Hollow KL nanospheres were prepared by first dissolving KL in THF. The KL/THF solution was bath sonicated for 2 to 3 min and later allowed to stand for approximately 72 h to allow sufficient time to dissolve as much KL as possible. The supernatant was removed to be use as a stock solution for preparing the hollow spheres. The concentration of the stock solution was tested against a pre-prepared UV standard curve.
To prepare the hollow spheres, 3.0 mL of KL/THF stock solution was first added to a serum bottle; then, ultrapure water was added to the bottle dropwise using a peristaltic pump at a rate of 0.02 mL/sec until the water content was 90 wt.%. The solution was continually stirred with a magnetic bar as the water was being added.
For the DLS and UV measurements, a sample was prepared as described above. Next, the sample solution was placed in a dialysis bag with a molecular cut-off of 1000 g/mol and dialyzed for three days with continuously renewed with ultrapure water to remove the THF.
After dialysis, the concentration of the solution was again tested by the pre-prepared UV standard curve. For UV and FTIR measurements, the KL samples from the supernatant of the KL/THF solution that were not used to form the hollow spheres were concentrated by rotary evaporation to ensure the consistency of their chemical composition. For the FTIR study, the two samples were treated further with freeze drying.
A commercial laser light scattering (LLS) instrument (ALV/CGS-3, ALV GmbH, Germany), equipped with a multi–digital time correlator (ALV-7004) and a solid-state He-Ne laser (JDS-Uniphase, output power = 22 mW, 632.8 nm), was used to measure the scattered light intensity and the hydrodynamic radius. The temperature for the LLS measurement was maintained at 20 °C.
The TEM was performed using a JEM-2100F microscope (JEOL, Japan). A drop of the hollow KL nanosphere solution was deposited onto copper grids coated with a thin carbon film and then dried at room temperature. Scanning electron micrograph observations were conducted on an FEI Nova Nano SEM 430 microscope (FEI, Holland), as shown in Fig. 2, and using a Zeiss Merlin microscope (Zeiss, Germany), as shown in Fig. 4. The specimens for the SEM observations were prepared by depositing a drop of each solution onto silicon substrates.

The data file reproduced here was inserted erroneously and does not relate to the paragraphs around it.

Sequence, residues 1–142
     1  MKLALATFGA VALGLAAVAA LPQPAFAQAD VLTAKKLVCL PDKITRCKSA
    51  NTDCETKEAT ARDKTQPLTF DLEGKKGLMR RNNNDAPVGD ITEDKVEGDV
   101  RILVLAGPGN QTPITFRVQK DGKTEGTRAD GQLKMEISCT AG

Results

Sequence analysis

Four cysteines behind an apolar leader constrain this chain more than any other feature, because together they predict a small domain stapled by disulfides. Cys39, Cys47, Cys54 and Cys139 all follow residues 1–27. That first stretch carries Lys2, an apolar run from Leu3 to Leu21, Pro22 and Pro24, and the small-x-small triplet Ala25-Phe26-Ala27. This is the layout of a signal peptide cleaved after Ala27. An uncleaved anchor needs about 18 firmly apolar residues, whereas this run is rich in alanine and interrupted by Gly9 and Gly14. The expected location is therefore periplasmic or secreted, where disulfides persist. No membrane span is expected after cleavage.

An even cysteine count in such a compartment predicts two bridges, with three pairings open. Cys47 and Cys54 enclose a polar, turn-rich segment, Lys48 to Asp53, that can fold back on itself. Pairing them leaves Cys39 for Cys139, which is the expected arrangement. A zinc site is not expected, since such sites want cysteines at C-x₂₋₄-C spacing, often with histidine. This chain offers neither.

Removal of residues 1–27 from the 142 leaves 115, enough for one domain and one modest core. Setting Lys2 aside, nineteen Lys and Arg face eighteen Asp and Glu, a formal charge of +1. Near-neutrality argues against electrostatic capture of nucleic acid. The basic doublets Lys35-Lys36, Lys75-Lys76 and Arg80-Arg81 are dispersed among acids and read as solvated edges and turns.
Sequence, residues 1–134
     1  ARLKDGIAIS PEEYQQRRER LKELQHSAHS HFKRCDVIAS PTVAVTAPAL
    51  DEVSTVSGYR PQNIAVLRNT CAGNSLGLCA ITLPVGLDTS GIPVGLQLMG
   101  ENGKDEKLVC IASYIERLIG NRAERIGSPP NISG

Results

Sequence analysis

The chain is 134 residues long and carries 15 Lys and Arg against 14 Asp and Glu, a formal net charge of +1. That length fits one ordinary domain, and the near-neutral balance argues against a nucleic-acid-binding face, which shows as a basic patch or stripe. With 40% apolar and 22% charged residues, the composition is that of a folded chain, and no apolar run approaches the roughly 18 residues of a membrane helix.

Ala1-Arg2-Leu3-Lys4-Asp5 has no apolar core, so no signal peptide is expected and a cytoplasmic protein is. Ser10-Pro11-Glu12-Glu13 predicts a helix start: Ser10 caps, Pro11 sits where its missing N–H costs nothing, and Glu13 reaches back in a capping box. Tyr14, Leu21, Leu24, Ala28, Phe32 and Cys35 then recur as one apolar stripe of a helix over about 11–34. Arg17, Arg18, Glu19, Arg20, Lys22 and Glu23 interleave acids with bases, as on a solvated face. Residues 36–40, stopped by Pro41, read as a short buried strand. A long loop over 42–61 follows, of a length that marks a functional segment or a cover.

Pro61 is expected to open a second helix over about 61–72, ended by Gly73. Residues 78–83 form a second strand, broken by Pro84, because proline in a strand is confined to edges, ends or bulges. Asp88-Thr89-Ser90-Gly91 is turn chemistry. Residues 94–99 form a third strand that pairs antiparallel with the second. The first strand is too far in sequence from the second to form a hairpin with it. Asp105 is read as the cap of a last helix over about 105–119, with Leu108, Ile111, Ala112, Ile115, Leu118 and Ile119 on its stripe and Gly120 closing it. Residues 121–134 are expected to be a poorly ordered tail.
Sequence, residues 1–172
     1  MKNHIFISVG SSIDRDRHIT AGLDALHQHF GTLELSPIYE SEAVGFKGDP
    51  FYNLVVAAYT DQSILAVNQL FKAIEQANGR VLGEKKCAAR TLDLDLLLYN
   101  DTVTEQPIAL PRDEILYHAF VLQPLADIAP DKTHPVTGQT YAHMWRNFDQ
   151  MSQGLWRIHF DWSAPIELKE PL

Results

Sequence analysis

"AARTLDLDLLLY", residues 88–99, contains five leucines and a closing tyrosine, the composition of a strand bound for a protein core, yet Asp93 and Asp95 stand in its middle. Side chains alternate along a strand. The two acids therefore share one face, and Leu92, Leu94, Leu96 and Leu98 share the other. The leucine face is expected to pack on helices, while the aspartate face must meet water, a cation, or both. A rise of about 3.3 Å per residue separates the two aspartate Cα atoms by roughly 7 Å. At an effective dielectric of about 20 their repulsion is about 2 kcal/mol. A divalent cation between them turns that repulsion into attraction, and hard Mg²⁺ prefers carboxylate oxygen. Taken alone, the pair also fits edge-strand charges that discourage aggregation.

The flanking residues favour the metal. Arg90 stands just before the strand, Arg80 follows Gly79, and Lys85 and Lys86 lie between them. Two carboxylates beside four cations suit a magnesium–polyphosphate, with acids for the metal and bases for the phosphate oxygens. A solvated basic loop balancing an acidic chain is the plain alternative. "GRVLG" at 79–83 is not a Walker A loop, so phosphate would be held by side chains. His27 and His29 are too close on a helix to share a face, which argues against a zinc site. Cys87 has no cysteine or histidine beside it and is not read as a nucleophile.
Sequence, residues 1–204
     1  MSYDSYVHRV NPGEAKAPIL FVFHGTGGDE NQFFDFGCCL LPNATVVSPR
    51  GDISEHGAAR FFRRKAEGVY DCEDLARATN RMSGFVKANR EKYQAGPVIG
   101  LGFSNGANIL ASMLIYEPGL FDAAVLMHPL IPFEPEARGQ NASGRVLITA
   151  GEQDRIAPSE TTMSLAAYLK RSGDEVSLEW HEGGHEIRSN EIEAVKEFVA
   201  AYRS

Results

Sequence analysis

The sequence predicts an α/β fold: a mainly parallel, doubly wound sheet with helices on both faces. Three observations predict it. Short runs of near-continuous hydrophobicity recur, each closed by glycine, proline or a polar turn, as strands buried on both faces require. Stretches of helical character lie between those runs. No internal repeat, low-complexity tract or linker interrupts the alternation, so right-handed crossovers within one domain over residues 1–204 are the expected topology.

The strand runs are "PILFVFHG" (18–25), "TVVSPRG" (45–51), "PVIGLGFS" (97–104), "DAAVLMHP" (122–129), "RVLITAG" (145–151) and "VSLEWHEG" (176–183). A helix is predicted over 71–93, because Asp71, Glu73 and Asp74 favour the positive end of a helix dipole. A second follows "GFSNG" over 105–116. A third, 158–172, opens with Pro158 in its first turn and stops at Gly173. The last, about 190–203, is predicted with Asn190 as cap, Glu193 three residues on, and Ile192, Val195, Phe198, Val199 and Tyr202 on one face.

The UV spectra were measured with a UV-Vis spectrophotometer (UV-2450, Shimadzu Corp., Japan). Fourier transform infrared spectra were recorded in the 500 to 4000 cm−1 range on a Vector 333 FT-IR spectrometer (Bruker Corp., Germany).
RESULTS AND DISCUSSION
Preparation and Characterization
The solvent environment had a pivotal role in the aggregation of KL. Relatively speaking, THF is a better solvent for KL than water. For the preparation of KL nanospheres, the KL/THF solution was first obtained as mentioned in the experimental section. Next, water was added dropwise to the KL/THF solution. As water was added to the system, the solvent environment became progressively worse for KL, and the KL molecules were driven to self-assemble with the slow addition of water to the system.
Figure 1 presents the experimental curves of the scattered light intensity from the solutions as a function of the added water content. Because scattered light intensity is proportional to polymer concentration and aggregate molecular weight, the increase of scattered light intensity reflect the molecular weight increase of the aggregate (Yu et al. 1998). When the water content was relatively low, the scattered light intensity changed very little, implying that the KL aggregates did not yet form appreciably. However, when the water content rose to approximately 50 wt.%, the scattered light intensity increased noticeably. The rapid increase in the scattered light intensity indicates that the KL aggregates formed quickly.
Fig. 1. Scattered light intensity versus the added water content in the solution. The initial KL concentration in THF was 2.0 mg/mL